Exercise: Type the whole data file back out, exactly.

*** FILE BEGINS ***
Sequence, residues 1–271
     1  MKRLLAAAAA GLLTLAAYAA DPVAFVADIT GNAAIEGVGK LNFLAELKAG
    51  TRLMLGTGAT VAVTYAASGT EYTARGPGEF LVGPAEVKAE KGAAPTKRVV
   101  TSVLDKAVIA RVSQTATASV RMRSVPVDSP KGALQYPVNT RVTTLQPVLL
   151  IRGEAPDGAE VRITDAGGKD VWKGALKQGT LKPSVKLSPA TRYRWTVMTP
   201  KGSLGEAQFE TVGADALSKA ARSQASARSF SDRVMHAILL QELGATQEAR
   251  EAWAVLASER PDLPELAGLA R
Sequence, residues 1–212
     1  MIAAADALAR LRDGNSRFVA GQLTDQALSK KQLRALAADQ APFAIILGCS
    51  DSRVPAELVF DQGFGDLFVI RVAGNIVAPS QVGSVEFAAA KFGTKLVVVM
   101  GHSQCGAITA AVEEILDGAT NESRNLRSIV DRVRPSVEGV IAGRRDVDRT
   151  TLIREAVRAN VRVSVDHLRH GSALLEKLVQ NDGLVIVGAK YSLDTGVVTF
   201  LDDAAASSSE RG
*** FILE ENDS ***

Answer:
Sequence, residues 1–271
     1  MKRLLAAAAA GLLTLAAYAA DPVAFVADIT GNAAIEGVGK LNFLAELKAG
    51  TRLMLGTGAT VAVTYAASGT EYTARGPGEF LVGPAEVKAE KGAAPTKRVV
   101  TSVLDKAVIA RVSQTATASV RMRSVPVDSP KGALQYPVNT RVTTLQPVLL
   151  IRGEAPDGAE VRITDAGGKD VWKGALKQGT LKPSVKLSPA TRYRWTVMTP
   201  KGSLGEAQFE TVGADALSKA ARSQASARSF SDRVMHAILL QELGATQEAR
   251  EAWAVLASER PDLPELAGLA R
Sequence, residues 1–212
     1  MIAAADALAR LRDGNSRFVA GQLTDQALSK KQLRALAADQ APFAIILGCS
    51  DSRVPAELVF DQGFGDLFVI RVAGNIVAPS QVGSVEFAAA KFGTKLVVVM
   101  GHSQCGAITA AVEEILDGAT NESRNLRSIV DRVRPSVEGV IAGRRDVDRT
   151  TLIREAVRAN VRVSVDHLRH GSALLEKLVQ NDGLVIVGAK YSLDTGVVTF
   201  LDDAAASSSE RG